I know high-protein diets are all the rage, but according to Prevention magazine, cutting back on carbohydrates could mean you're skimping on cancer protection as well. Now, we're not talking about the carbs that come from cookies and cheese puffs, we're talking about fruits, vegetables and whole grains.
In fact, the American Institute for Cancer Research did a 13 year study of nearly 30,000 people. And they found that the folks who followed their dietary recommendations ran a 35% lower risk of cancer. If you want to be among that 35%, here are a few guidelines to follow. Do these, live longer:
- Eat five or more servings of antioxidant packed vegetables and fruits daily. That's stuff like strawberries, broccoli, and apples. And if you think that's a lot that's the minimum requirement. You should eat between 5 and 9 servings that's the new national guideline.
- Eat 7 or more daily servings of whole grains. That includes things like 100% whole wheat bread, beans, and root vegetables, like turnips or potatoes. That does not include French fries.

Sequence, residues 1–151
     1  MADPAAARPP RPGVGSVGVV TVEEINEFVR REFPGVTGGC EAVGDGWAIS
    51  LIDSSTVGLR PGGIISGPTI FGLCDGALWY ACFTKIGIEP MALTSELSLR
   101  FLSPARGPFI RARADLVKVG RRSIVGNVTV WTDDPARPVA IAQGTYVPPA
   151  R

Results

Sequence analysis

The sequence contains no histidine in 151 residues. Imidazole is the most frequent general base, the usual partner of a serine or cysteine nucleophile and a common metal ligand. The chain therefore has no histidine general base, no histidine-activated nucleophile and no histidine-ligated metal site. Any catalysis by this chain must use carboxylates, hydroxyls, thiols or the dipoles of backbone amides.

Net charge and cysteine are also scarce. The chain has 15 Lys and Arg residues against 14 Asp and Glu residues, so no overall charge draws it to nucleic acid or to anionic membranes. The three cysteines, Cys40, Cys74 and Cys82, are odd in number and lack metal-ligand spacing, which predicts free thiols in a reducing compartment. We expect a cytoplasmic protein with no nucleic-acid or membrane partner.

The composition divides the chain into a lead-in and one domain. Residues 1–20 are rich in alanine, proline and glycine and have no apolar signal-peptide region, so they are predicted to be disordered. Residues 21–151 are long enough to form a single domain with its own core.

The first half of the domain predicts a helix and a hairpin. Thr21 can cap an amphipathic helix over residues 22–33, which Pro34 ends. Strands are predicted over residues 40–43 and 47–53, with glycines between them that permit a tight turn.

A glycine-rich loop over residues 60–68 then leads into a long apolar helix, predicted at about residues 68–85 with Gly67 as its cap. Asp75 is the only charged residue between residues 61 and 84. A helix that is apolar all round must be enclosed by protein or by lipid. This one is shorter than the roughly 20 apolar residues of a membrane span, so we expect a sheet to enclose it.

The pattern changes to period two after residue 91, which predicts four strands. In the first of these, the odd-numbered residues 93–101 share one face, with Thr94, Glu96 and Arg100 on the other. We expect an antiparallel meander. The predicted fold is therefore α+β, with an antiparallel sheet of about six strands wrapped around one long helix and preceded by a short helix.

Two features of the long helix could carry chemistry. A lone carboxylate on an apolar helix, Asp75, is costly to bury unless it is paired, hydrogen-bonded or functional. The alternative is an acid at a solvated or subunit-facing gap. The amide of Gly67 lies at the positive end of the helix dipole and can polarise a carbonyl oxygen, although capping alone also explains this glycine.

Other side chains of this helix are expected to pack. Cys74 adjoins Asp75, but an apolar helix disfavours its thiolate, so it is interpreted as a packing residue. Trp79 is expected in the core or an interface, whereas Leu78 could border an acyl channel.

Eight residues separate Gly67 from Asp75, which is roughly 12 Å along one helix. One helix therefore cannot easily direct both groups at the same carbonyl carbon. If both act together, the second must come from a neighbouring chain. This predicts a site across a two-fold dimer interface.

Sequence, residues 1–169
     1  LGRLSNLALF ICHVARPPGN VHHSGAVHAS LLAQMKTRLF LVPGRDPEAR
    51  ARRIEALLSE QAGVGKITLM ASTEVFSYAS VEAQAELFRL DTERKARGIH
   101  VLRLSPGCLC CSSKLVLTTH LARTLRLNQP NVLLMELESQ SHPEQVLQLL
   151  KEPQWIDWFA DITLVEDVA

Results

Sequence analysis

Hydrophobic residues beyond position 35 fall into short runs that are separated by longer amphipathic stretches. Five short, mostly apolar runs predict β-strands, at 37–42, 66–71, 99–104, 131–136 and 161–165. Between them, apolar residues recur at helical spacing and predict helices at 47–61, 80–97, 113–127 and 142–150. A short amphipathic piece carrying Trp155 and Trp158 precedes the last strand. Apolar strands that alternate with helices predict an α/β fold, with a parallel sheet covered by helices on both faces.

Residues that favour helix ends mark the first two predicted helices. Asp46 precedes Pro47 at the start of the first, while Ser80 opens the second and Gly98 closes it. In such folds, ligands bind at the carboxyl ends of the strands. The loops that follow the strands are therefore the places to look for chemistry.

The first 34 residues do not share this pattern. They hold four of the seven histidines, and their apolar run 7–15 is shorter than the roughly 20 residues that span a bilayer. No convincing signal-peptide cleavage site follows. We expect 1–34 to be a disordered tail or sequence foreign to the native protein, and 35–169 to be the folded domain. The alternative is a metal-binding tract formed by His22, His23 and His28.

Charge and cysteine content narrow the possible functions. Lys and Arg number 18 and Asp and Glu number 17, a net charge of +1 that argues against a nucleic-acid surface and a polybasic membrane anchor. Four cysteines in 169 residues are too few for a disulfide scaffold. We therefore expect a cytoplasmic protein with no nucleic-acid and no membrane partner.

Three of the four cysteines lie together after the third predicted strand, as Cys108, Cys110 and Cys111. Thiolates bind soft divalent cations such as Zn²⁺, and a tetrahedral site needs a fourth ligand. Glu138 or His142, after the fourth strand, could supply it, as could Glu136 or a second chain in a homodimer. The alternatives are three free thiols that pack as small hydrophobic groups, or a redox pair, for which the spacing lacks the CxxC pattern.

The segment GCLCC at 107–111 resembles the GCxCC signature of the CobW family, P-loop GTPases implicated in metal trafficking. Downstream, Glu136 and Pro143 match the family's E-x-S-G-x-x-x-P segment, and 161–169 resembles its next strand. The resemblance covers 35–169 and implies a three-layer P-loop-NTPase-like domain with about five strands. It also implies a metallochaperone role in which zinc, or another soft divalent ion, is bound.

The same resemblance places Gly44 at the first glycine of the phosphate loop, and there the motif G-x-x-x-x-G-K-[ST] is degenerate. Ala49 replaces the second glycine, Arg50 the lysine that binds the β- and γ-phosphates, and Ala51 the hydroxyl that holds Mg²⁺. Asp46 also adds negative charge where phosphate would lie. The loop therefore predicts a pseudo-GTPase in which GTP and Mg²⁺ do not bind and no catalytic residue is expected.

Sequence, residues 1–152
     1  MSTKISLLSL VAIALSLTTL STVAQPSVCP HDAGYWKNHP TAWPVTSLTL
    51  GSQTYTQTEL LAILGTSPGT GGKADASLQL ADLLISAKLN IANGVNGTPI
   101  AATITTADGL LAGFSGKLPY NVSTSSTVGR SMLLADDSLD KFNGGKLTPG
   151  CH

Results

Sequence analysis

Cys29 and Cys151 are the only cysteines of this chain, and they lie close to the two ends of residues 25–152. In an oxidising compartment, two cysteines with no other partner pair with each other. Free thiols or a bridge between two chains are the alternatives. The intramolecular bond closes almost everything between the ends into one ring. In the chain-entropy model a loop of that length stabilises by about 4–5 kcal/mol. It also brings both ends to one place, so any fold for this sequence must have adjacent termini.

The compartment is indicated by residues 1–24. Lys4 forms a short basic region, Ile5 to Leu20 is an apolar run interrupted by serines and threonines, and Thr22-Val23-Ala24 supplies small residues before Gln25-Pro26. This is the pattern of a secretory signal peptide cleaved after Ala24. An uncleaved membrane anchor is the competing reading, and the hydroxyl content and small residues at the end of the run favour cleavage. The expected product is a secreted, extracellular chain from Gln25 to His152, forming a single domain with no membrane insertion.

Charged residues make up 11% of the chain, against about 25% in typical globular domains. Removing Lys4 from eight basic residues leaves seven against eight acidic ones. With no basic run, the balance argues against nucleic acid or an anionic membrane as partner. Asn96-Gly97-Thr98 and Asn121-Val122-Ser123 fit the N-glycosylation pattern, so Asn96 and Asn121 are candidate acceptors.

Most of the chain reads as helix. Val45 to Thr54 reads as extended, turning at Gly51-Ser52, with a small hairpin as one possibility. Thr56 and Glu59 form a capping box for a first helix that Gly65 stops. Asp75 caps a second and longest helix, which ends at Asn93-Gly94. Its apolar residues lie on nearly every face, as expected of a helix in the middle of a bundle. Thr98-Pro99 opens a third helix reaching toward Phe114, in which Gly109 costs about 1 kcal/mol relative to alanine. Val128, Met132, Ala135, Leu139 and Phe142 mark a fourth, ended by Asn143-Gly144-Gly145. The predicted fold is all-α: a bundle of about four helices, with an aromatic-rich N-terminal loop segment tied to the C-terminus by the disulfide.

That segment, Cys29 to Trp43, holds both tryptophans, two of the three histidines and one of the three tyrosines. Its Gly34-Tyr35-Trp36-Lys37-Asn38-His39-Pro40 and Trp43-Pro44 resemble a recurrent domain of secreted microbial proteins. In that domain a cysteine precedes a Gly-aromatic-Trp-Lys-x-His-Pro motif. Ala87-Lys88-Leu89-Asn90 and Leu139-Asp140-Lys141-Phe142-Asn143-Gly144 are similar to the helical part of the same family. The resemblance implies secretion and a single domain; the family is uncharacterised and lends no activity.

- Eat no more than 3 ounces of red meat per day. That's the size of a woman's fist.
- The fourth rule to follow: Limit your intake of saturated fats that means lard, butter, and cooking oils.
- On the exercise front, you should get one hour a day of moderate exercise. That can be anything from walking, to mowing the lawn, to playing in the marching band. But it's tougher than you think. Only 10% of the entire population gets an hour of exercise daily.
- And the final guideline from the American Institute of Cancer Research is a no brainer: Stay away from tobacco.
Follow those 6 rules and you'll be a lot less likely to get cancer. Want to go further, the Institute's website is AICR.org.